This Peacock Armchair by Cappelliani is my new obsession. If only $3,622 were within my budget!


Wednesday, July 29, 2009

What to Give When Your Friend's Expecting

At 28 I am in the process of transitioning from the "wedding stage" of my life (i.e., where most of your free time and disposal income goes into celebrating your friends' nuptials) to the "baby stage" (i.e., where said friends start having children and, again, much of your free time and disposal income goes into celebrating the blessed events). In short, my weekends in Vegas or Austin have been replaced with baby showers and "sip and sees". [By the way, the montage above is from the now-defunct Blueprint, which featured a spread on a baby shower thrown for two of its editors. This is definitely how an office baby shower should be thrown in my book.]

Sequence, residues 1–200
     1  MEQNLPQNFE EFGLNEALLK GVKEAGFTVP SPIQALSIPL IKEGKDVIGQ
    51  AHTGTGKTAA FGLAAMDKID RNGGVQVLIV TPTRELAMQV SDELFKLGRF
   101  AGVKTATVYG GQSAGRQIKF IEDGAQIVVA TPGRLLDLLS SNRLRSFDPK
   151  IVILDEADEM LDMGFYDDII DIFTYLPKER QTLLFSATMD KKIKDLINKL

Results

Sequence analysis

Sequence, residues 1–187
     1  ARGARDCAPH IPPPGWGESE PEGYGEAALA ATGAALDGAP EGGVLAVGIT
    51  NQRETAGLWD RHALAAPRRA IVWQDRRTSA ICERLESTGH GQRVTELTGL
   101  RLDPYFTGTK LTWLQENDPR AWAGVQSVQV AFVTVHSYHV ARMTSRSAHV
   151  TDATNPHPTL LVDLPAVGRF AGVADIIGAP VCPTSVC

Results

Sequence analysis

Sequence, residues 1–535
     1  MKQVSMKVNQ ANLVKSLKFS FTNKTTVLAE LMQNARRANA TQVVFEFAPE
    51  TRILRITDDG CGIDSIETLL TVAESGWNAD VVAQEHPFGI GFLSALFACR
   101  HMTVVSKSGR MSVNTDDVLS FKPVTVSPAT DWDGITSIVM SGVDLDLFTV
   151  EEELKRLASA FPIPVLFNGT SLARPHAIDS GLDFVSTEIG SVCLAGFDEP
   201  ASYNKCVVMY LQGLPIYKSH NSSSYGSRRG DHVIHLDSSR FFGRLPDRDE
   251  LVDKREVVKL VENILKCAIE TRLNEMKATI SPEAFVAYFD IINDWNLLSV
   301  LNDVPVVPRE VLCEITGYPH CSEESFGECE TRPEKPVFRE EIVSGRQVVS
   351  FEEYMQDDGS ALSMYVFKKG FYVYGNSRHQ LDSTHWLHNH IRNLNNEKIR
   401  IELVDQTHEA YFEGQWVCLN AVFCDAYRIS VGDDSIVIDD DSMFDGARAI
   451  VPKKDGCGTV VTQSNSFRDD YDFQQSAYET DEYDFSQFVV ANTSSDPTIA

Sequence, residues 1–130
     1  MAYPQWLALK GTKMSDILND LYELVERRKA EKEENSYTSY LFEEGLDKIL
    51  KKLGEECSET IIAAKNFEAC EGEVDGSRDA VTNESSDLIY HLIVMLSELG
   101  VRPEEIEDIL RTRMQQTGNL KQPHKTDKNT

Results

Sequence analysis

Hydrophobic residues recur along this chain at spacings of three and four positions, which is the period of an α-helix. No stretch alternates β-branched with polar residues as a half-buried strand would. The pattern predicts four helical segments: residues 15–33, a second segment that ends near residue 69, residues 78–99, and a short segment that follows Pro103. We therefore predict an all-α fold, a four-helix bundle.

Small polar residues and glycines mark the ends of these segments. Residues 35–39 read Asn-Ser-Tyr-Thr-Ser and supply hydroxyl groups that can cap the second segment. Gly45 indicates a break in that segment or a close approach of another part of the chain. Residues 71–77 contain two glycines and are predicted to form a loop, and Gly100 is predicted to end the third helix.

Sure, I could go the easy route and shop off the registry, but to be frank Babies 'R Us makes me nervous and I don't really enjoy the experience of gifting diapers and bottles. So I say let the new parents by the boring stuff and I'll play grandparent for a day by bringing the fun, unique gift. Over the course of the past year or so I've culled together a relatively fail-proof selection of "go-to" gifts for babies that with make just about any stylish mom-to-be happy and I thought I'd share them with you should any of the rest of you be in the baby stage of your life as well.

Without further ado, here are my favorites (in no particular order):